Eventually I received a reply. It came from one of the company’s American owner and apologised for the delay. She was in New York she said, but to make things happen faster she had put my replacement top in her own suitcase and was flying it across to London within the hour.
Blimey. I would have been happy with a prompt reply.. My irritation turned to awe and my new top arrived before I had even had time to return the old.
In the end, I seem to have received shopping service above and beyond in both incidents - I still don’t have a clue what’s going on though.
Mum’s the word when it comes to making up
We can all relax. Elton and his mum are talking again. They’ve been on no-speakers for eight years and that’s a lot of holding your nerve when your mum is as old as Elton’s.
But hold it he did until his mum reached 90 and then he cracked and made friends again.
I’m glad. No-one should fall out with their mum if they can possibly avoid it. Mums are key to happiness.
Not so much dads. Yes, I know, some of you are going to fall out with me on this one but I can only say it as I see it.
Recently, I was filming my mum talking about her early life - I’ve done it with all the oldies because, pass a certain age and you become living history, don’t you? I think I’m more or less there myself. I’m waiting for my daughter to point a phone and me and tell me to spill the secrets.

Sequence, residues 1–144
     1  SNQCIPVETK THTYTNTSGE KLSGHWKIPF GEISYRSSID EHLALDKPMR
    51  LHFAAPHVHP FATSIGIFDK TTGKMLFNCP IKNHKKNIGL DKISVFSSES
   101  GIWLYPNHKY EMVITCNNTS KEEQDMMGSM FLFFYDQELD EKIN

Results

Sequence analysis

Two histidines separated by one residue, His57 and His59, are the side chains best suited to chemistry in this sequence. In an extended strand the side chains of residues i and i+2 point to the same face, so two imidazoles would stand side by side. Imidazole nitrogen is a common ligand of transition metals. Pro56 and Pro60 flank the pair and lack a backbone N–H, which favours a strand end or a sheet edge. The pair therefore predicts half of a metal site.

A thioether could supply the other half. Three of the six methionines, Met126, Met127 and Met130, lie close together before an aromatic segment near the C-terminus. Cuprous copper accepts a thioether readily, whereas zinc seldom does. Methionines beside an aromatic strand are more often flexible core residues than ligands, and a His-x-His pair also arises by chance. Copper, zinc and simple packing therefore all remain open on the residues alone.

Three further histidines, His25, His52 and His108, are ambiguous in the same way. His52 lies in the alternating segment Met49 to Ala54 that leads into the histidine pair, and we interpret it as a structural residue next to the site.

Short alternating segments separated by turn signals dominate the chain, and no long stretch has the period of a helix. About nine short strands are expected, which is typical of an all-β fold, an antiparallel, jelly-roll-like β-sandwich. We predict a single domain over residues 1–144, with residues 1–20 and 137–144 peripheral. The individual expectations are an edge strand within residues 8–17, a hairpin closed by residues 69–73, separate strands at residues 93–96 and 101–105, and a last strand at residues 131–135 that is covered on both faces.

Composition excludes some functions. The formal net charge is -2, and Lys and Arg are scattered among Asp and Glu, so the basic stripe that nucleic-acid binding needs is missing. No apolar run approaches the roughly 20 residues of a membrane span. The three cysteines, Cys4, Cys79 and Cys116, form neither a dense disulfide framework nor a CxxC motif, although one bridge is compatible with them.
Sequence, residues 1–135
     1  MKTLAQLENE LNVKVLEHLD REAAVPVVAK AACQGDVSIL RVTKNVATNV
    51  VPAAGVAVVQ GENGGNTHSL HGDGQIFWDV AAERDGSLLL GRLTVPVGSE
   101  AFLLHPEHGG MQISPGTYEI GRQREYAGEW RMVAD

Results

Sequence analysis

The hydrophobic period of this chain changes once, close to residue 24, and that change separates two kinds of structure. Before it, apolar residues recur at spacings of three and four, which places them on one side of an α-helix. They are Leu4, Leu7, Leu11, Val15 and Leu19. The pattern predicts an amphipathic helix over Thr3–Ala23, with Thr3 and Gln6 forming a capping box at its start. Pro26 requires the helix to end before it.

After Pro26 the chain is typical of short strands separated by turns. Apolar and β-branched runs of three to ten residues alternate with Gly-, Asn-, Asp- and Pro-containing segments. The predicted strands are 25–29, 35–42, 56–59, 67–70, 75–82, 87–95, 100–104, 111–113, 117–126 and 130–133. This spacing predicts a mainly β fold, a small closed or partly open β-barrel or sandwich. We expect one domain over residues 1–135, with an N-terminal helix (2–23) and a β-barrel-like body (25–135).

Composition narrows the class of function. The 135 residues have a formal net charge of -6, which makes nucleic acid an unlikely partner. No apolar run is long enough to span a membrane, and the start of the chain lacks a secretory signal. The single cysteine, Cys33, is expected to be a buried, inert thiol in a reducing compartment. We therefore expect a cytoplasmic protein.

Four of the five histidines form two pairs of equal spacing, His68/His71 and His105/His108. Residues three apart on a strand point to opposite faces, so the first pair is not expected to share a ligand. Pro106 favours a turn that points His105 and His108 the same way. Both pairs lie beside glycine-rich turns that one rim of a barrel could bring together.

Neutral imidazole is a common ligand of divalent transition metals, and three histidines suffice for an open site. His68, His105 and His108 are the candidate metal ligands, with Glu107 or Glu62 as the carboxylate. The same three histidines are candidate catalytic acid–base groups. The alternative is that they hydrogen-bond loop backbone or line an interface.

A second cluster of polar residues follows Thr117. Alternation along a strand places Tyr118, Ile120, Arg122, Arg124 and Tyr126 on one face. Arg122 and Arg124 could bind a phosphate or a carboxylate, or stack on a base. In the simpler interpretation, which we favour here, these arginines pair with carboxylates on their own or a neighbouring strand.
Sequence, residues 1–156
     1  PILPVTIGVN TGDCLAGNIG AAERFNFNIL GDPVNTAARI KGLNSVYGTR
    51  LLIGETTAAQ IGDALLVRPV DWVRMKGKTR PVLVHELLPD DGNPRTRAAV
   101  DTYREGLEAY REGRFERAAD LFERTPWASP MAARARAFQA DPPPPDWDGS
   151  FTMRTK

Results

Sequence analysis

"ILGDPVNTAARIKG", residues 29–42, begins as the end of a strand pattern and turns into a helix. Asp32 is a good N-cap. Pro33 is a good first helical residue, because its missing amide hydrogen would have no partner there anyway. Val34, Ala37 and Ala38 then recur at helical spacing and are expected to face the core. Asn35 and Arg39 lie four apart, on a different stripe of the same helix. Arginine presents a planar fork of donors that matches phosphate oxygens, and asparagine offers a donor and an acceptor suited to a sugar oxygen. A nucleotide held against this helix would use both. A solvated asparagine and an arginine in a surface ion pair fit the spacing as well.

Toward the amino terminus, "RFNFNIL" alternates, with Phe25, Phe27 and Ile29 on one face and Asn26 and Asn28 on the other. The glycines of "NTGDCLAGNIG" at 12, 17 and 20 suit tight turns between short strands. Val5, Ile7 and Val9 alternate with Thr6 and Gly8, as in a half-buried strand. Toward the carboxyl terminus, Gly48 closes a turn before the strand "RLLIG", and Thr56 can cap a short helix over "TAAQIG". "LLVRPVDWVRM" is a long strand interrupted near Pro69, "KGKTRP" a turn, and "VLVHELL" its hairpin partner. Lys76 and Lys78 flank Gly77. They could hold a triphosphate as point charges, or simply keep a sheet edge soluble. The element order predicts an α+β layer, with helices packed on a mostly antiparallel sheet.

My own mum was describing to me how her father joined the Royal Navy on the outbreak of war.
“Did you miss him ?” I asked.
“No, I barely noticed. He was never there anyway,” was her matter-of-fact response.
I’m not saying all dads are like this but too many are. Become estranged from your dad and it’s sad but survivable but your mum is a whole different matter.
Elton has now paid for his mum Sheila’s hip replacement, which given that he is worth £200m is not a stretch.
I hope they stay friends until the end because riches beyond reason cannot replace a mum - as Elton has obviously realised.
Time for better names for our storms
Names are incredibly powerful. If we didn’t know that before, we do now. Once, winter was full of rotten weather. Now it’s full of wicked and wayward storms, forcing us to bow under rain, wind and flood.
These storms have identities. So far we have had Abigail, Barney, Clodagh, Desmond, Eva, Frank, Gertrude, Henry and Imogen.
In case you hadn’t noticed, each storm moves up a letter of the alphabet and alternates between male and female.
The Americans have been naming their storms for years and now we are following. Why? Because it is reckoned to be a system that will keep us safer. We will pay more attention if our weather warning comes with a name.
I understand this but I’m not happy. It’s fine for our storms to have names but they need to be more dramatic. They shouldn’t sound like Eurovision Song Contest entrants or the child of parents who own Blue Peter badges. Storms are fierce and violent. Desmond was a shocker. It shouldn’t sound like the name of a man with a comb-over.